(1) Unless subsection (2) applies, 2 persons are spouses of each other for the purposes of this Act if they were both alive immediately before a relevant time and
(a) they were married to each other, or
(b) they had lived with each other in a marriage-like relationship, including a marriage-like relationship between persons of the same gender, for at least 2 years.
(2) Two persons cease being spouses of each other for the purposes of this Act if,
(a) in the case of a marriage,
(i) they live separate and apart for at least 2 years with one or both of them having the intention, formed before or during that time, to live separate and apart
(ii) an event occurs that causes an interest in family assets, as defined in Part 5 of the Family Relations Act, to arise, or
(b) in the case of a marriage-like relationship, one or both persons terminate the relationship.
(3) A relevant time for the purpose of subsection (1) is the date of death of one of the persons unless this Act specifies another time as the relevant time.
The criteria for spouses who are not legally married to each other in section 2(1)(b) are similar to the criteria in British Columbia’s current Estate Administration Act (section 1), and Wills Variation Act (section 1). Currently there are some small differences in the wording of the definitions in the Wills Variation Act and the Estate Administration Act, and it will be beneficial to have an identical definitions to avoid inconsistencies (although the courts seem to be interpreting the definitions in a consistent manner in any case).
The provisions in subsection 2(2) dealing when spouses cease to be spouses for the purposes of succession law are new.
The proposal that legally married spouses cease to be considered spouses if they have lived separate and apart for 2 years, with at least one of them having the intention to live separately permanently, has at least a couple of significant implications.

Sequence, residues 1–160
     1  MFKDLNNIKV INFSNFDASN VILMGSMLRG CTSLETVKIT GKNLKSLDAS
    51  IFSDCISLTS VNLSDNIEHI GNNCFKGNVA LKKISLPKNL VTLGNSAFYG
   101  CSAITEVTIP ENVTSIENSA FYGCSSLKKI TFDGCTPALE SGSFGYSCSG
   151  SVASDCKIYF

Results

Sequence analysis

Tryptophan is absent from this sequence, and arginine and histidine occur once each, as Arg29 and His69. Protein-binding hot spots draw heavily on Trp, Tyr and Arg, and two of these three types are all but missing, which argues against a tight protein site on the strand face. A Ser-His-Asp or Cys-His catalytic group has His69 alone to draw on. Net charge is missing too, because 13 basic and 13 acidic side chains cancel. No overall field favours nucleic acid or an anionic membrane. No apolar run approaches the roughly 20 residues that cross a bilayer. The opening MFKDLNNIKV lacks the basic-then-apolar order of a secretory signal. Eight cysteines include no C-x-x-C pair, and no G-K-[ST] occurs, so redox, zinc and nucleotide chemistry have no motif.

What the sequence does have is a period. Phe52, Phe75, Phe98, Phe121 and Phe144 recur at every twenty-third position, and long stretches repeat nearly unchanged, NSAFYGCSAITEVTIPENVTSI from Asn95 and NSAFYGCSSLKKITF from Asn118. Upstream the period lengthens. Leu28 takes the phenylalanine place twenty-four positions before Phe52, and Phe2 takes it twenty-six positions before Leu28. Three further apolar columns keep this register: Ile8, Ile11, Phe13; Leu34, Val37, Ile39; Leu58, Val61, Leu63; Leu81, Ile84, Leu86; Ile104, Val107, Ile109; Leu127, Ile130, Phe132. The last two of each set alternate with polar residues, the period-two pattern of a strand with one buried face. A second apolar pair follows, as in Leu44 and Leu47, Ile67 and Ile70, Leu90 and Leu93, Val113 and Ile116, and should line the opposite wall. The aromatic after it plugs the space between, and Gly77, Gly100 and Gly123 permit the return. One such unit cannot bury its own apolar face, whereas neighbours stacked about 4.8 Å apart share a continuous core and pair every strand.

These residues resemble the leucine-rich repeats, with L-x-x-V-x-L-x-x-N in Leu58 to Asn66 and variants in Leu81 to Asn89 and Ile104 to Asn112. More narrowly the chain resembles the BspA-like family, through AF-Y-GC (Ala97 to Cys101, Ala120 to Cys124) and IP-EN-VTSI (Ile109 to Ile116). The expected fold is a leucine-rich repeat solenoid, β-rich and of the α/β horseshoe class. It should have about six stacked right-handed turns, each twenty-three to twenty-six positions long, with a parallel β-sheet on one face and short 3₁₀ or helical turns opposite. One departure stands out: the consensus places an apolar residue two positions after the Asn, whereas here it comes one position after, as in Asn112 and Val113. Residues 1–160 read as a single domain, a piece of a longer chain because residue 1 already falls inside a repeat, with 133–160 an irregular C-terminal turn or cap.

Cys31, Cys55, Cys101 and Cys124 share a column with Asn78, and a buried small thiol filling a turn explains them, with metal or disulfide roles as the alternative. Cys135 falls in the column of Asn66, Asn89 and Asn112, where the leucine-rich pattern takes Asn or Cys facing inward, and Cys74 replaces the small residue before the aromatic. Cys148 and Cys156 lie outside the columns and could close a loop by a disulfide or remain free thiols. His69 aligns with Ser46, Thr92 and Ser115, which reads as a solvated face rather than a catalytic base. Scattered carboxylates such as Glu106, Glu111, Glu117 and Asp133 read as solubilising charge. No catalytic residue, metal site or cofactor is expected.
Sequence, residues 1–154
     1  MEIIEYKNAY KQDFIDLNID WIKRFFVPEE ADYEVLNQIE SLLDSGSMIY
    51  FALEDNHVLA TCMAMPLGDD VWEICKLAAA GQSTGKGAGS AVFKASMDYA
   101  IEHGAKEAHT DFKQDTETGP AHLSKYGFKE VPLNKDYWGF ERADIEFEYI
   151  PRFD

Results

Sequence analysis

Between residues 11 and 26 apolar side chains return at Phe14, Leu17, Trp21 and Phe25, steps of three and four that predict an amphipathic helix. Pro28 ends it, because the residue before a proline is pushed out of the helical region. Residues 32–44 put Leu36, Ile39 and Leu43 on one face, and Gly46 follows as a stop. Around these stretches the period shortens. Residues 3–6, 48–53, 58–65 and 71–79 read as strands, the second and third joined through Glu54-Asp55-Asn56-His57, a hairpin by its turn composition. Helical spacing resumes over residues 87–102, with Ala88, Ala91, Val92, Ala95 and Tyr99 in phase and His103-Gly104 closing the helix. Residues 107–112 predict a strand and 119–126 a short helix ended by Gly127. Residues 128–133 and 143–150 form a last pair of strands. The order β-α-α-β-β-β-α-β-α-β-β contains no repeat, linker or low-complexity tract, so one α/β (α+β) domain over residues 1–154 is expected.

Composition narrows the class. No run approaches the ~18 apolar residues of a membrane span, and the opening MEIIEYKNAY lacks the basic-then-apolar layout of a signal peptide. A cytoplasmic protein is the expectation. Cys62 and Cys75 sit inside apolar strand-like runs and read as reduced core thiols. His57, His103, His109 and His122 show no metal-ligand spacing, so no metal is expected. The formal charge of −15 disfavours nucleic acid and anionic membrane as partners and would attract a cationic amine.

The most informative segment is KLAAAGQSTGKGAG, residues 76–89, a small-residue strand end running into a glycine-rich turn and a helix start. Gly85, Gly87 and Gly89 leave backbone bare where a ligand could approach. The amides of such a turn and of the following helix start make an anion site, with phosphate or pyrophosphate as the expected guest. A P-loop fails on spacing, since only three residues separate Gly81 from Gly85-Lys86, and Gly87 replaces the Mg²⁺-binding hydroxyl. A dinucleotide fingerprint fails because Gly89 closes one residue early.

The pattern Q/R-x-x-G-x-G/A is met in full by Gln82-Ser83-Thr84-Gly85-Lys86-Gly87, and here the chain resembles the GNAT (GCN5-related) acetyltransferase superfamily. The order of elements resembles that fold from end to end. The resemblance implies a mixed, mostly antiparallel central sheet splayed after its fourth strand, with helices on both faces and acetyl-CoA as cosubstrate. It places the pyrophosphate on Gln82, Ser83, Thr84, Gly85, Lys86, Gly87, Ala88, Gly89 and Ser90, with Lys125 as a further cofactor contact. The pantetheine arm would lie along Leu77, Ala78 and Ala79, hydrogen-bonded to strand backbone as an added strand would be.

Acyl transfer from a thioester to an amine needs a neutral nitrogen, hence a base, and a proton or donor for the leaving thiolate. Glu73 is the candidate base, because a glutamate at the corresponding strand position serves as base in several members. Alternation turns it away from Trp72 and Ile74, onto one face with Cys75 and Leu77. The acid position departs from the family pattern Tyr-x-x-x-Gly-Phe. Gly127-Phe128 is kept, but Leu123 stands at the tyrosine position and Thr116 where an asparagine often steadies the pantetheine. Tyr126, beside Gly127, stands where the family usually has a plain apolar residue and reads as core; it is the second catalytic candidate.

Currently, under the Wills Variation Act, a married spouse has the right to apply to vary the will of his or her deceased spouse regardless of whether the couple had been separated at the deceased’s death. Only divorce terminates the right of a separated spouse to apply. Under the proposed changes, if a spouse has been separated for at least two years, he or she will not be entitled to apply.
Under the Estate Administration Act, a legally married spouse who has been separated for at least one year loses his or her right to inherit from his or her spouse under the intestacy provisions for people who die without a will. This is subject to the court’s discretion to award the separated spouse something on the spouse’s application. See section 98.
The proposed new legislation will allow a spouse who has been separated for more than one year, but less than two, to inherit if the deceased spouse did not have a will, unless there had been a triggering event under the Family Relations Act.
The proposals will reduce the risk that there will be two spouses making competing claims under either the Wills Variation Act, or the intestacy provisions of the Estate Administration Act (though perhaps not in Bountiful). Because a legally married spouse loses his or her status as a spouse after a two-year separation, and common law spouses must live together in a marriage-like relationship for at least two years before they are considered spouses, it should be rare for anyone to have two spouses for succession law purposes.